Life After Faith – Assessing The Damage

Image courtesy of Stockvault.

I’ve considered myself a non-Christian for just over four years now. During that time, I’ve written (and deleted) a bunch of posts on figuring out where I end and religious beliefs begin. For a long while, I believed in so many supernatural things that some of them just found a place and have been hiding there ever since. They’re no longer obviously religious thoughts, but they come from religious seeds.

Case in point: attaching identity to ideas.
I learned in church that things outside their teachings were bad things. They were of the world. It was a shorthand for saying that they were bad, and the people who held those ideas were bad people. Eventually the idea spread to the point that anyone who contradicted teachings was an agent of evil incarnate. If they didn’t fight as much when you tried to give them the GOOD NEWS™, at best they were just misguided souls who hopefully would come around.

This also worked introspectively. Every non-Christian thought and deed became a cause for dire concern. What if I didn’t mean it when I asked Jesus into my heart? What if I’m actually a terrible person who’s capable of lying to himself? What if there’s no salvation for someone like me who doesn’t conform to what the church says should happen when I give myself to Christ?

Nowadays, the idea just loses the religious trappings. People who don’t share the same thoughts on macroeconomics are bad people. Rivals are individuals who must be stopped. All of this because they don’t conform to ideological standards.

These ideas don’t do me any favors. I want to find them because of that.
Leaving religion – Christianity for me – isn’t just a single decision I made a while back. A lot of the teachings I picked up are unhealthy, and they still hurt. The process of healing gets stunted by every person who insists that I should come back for more abuse. Sometimes it’s all I can do to just ignore the demands of my former faith.

I think part of the problem is that living a secular life is a process and not a destination. Think of all the magical promises that were made when people joined a church or converted. They were bathed in the blood of the lamb. Born again. Made new. Everything changed all at once. Some people even started speaking gibberish and thrashing about on Sundays.*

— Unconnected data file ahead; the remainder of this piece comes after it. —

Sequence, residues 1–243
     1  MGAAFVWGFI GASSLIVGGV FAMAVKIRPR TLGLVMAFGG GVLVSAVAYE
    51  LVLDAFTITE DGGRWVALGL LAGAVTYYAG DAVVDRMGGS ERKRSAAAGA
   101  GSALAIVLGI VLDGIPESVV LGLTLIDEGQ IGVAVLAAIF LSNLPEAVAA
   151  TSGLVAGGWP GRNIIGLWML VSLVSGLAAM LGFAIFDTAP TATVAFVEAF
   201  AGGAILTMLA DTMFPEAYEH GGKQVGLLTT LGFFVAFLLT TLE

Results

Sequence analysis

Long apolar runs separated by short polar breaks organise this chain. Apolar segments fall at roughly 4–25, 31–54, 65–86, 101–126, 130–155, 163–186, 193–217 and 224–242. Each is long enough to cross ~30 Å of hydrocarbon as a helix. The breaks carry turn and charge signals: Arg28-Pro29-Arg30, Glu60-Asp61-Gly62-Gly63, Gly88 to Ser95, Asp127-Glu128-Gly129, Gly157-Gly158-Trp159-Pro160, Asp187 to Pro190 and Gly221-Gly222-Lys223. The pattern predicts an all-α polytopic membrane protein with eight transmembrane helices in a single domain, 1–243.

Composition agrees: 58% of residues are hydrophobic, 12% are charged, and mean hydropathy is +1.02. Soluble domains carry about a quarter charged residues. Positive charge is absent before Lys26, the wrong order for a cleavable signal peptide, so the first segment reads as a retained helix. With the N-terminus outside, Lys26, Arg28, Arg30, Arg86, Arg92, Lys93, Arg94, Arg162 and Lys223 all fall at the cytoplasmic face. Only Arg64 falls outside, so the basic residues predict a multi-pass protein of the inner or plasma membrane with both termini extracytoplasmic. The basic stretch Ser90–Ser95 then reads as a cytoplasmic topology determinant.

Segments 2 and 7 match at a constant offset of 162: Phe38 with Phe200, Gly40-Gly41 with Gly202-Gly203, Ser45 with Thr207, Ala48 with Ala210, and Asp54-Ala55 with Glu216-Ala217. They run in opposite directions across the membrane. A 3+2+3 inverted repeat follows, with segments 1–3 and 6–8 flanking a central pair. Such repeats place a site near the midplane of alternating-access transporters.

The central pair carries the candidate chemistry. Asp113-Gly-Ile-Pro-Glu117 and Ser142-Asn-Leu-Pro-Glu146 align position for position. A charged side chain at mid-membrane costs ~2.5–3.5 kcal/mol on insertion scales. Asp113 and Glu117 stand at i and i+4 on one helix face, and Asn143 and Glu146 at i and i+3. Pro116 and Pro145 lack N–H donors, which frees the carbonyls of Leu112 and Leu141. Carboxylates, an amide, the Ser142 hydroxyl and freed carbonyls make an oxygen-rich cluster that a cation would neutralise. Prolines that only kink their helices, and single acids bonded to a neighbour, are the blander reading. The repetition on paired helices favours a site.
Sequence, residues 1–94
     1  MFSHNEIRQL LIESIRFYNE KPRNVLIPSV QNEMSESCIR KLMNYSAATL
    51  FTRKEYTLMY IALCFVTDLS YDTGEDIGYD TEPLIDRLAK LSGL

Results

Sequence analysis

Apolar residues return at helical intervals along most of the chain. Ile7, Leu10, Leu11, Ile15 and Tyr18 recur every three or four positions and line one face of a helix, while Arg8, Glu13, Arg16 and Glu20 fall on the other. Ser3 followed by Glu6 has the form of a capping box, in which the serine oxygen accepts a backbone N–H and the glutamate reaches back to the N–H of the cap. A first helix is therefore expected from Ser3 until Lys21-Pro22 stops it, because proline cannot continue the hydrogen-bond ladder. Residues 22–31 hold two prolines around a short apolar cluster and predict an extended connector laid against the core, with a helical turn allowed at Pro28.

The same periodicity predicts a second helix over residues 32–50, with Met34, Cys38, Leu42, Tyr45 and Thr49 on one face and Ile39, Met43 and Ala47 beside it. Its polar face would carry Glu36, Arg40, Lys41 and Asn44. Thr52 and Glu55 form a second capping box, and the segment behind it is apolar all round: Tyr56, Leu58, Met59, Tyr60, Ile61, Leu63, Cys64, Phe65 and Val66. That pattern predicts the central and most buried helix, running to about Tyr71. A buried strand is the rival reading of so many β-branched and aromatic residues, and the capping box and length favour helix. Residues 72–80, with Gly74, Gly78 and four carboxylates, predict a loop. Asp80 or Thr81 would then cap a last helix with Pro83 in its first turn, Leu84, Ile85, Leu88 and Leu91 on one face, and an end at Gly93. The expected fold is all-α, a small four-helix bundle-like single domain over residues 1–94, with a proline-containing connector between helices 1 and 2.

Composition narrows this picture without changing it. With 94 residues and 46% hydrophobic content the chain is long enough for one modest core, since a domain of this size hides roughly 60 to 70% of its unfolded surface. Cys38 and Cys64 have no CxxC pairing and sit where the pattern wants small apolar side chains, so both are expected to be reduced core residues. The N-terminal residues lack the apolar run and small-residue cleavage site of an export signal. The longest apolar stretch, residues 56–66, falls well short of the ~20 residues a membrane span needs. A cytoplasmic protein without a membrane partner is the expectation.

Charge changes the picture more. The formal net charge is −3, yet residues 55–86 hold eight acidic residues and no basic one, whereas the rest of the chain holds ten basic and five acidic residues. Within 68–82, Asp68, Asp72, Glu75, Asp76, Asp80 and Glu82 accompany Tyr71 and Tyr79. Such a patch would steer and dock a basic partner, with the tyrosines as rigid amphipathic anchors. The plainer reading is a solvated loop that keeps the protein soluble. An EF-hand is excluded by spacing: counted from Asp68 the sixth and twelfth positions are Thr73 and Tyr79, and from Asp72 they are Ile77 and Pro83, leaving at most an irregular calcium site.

There’s an unspoken expectation that the way out should mirror the way in. If magical thinking got me here, why can’t magical thinking get me back to reality? Of course that doesn’t work. It took years of being around the hyper-religious to get where I am, and so it’s going to take years of work to shore up my defenses.

Eventually I want to get into how those defenses get eroded.
Right now I just want to mention that people still in the faith have an interest in seeing deconverts stumble. This isn’t to mean that all Christians are lurking in shadows, waiting for that next notch on their spiritual bedposts. Rather, it means that the ideas behind the faith encourage Christians to break people down.

Incidentally, this is where I put most of my energy in damage assessment. I’m trying to find the ideas that want to keep me at the mercy of an imaginary deity at the expense of my well-being. Those are the most important, I think, because rejecting them inherently makes me a stronger person. Remembering that breaking myself down was part of the system is a crucial step to no longer being affected by it.

*I was too dignified to do that as a Lutheran. Instead, I just believed that communion wafers and wine turned into human flesh and blood after I consumed them. Every subset of Christianity has an absurd belief when one digs deep enough.